I’m raising my son with very limited technology — here’s how I do it, Business Insider

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Technology can have some serious effects on our health, especially our kids’.
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Chung Sung-Jun/Getty Images
  • Technology can have serious effects on our health, and Americans consume over 10 hours of media per day.
  • Living technology-free is nearly impossible in this day and age, yet my wife and I decided to raise our son with very limited technology to avoid these risks.
  • Here’s how we’re raising our son with very little technology.

In today’s world, it’s nearly impossible for anyone to live technology-free. The more pressing issue is how much time people spend in front of a screen – especially our children.

I watched way too much television growing up, got sucked into the rabbit hole of AOL chat rooms, and played Heretic online in high school. And now, as a writer and editor, I stare into a screen all day every day.

When our son was born, my wife and I agreed he would not be exposed to any screens until he was two years old – and even then we were skittish.

The American Academy of Pediatricssuggestslimiting screen time toone hour per day of high-quality programming from ages two through five. Kids ages six and older should have “consistent limits” on time spent with screens, set by parents.

When our son was approaching age 3, wegradually introduced clips from age-appropriate quality television programming: “Curious George” (which is designed to help kids learn) and “Thomas & Friends.” He watched these on my laptop.

As my son grew older, watching these clips became part of his bedtime routine. Soon, the clips turned into episodes. We would watch an episode of “Curious George,” which is two 12-minute episodes in one, with closed images on. My wife and I would watch with him. To transition him to brushing teeth or reading books, we’d remind him that after the second episode, we’d move on in his routine.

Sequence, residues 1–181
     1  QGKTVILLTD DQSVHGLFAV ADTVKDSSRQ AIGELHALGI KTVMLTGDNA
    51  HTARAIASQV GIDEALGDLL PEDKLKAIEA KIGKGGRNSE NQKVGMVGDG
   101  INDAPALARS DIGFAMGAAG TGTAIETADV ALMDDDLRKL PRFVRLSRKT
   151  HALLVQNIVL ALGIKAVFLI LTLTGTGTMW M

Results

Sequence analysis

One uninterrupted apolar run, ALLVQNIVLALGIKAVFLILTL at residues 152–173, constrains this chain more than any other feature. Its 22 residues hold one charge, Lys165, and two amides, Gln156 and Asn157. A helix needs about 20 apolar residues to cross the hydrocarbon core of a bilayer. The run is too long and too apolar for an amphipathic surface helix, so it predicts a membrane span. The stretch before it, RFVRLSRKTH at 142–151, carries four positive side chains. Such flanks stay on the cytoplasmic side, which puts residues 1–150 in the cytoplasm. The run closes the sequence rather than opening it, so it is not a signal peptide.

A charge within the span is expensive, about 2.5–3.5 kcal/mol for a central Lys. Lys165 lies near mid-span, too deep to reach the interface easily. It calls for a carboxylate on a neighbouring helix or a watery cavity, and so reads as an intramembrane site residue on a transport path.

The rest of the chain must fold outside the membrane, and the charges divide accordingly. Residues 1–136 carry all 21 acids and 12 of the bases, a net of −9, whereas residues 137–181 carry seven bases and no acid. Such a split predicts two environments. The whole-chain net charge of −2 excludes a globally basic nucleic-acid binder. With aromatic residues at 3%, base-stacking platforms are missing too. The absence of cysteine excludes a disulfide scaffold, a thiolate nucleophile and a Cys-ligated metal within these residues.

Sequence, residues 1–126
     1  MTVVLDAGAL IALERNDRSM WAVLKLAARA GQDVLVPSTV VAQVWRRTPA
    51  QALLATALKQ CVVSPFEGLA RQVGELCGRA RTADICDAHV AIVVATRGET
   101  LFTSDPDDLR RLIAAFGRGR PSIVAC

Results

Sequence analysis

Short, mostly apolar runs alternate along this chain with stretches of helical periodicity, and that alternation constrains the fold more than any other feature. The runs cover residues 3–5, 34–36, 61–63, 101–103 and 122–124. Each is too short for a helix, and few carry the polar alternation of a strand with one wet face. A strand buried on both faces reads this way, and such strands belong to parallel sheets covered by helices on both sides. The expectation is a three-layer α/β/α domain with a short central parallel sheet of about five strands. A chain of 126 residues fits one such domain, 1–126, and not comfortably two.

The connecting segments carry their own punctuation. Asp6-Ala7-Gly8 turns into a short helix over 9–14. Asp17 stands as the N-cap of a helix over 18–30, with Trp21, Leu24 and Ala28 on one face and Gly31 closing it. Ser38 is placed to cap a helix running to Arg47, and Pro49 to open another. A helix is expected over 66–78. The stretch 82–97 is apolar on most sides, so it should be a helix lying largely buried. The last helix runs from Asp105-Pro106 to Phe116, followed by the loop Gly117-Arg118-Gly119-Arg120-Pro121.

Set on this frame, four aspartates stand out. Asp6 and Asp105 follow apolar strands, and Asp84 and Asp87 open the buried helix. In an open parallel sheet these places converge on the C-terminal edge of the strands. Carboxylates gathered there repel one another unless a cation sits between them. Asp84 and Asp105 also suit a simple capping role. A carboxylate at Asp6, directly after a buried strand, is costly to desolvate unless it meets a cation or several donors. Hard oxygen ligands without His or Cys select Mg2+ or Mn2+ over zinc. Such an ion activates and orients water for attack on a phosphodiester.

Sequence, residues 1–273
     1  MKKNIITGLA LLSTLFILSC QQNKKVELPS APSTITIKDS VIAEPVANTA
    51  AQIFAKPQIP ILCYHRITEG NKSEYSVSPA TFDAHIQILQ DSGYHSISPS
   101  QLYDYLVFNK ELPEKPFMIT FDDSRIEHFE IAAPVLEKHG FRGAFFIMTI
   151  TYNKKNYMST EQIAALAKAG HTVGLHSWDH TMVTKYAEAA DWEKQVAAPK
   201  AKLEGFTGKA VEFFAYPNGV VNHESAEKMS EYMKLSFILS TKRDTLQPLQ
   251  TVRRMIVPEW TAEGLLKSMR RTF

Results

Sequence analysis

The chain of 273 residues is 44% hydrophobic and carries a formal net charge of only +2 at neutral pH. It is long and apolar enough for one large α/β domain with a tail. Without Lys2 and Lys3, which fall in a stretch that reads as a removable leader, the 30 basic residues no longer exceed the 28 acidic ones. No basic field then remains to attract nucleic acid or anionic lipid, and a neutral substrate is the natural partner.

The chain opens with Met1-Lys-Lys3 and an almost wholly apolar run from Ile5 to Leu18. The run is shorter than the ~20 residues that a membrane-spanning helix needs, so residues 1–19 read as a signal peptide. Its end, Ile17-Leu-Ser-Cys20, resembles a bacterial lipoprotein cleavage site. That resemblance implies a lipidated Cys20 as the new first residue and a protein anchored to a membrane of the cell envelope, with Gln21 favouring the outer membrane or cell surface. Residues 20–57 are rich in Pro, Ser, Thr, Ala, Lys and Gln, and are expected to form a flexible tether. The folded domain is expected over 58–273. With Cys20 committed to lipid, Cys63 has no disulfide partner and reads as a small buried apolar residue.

It wasn’t until our son turned five that he started watching movies at home. First up, “Ghostbusters” (the original!). Now, we find ourselves watching one movie every weekend: “Captain Underpants,” the “Lego” movies, and “Night at the Museum,” to name a few.

At his sixth-year checkup this year, I asked our pediatrician about watching television and movies. As a “Star Wars” fan himself, he couldn’t say no to our letting him watch it.

He said that healthy viewing habits come down to two questions:

  1. Is the program age-appropriate / do you feel comfortable with him watching it?
  2. Are you watching it with him?

The latter, co-watching, is helpful because you know what they’re viewing and can turn it into a way for your child to learn. (We started playing a series of “Star Wars” trivia games, for example.)

Moderating tech use in a sea of screens

As a parent, I watch my own screen time as much as I do my son’s.

When I’m at the playground, I actually play with my child, or if I’m speaking with another parent, I have my eyes locked on his location. As I scan the playground for my son, I often see other parents sitting on benches with their heads down, staring at their phones.

Schools are a sea of screens, as well. Every classroom at my son’s public school has a smartboard, and they’re often used to watch videos. What happened to teachers teaching? My wife and I have already committed to sending him to a different school, still in our neighborhood, where not one smartboard exists and children get to interact more freely with one another.

Additionally, Cleveland Clinic recentlyreportedthat astudyfound up to 42% of children have access to tablets, which may be contributing to eye strain and nearsightedness in children. “Nearsightedness progression is far more detrimental to children at a young age because this is when they’re developing their eyes and their eyes are still growing, especially kids in their teens and preteen years,” Dr. Mariana Eisenberg, of Cleveland Clinic, said.

As parents, we have to understand how detrimental too much screen time can be. American adults are alreadyconsuming over 10 hours worth of media a day, CNN reported. It’s common to see parents use iPads and other devices to keep their children occupied during dinner at a restaurant. Why can’t parents draw with them, read them a book, play I-Spy, or let the kids play with cars?

There are times, like traveling, when you need to cut yourself and your child some slack and simply give in to temptation. However, as with anything you want your child to do, it’s all about modeling the behavior. So, if you want to limit your child’s screen time, think about unplugging yourself.



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Business News

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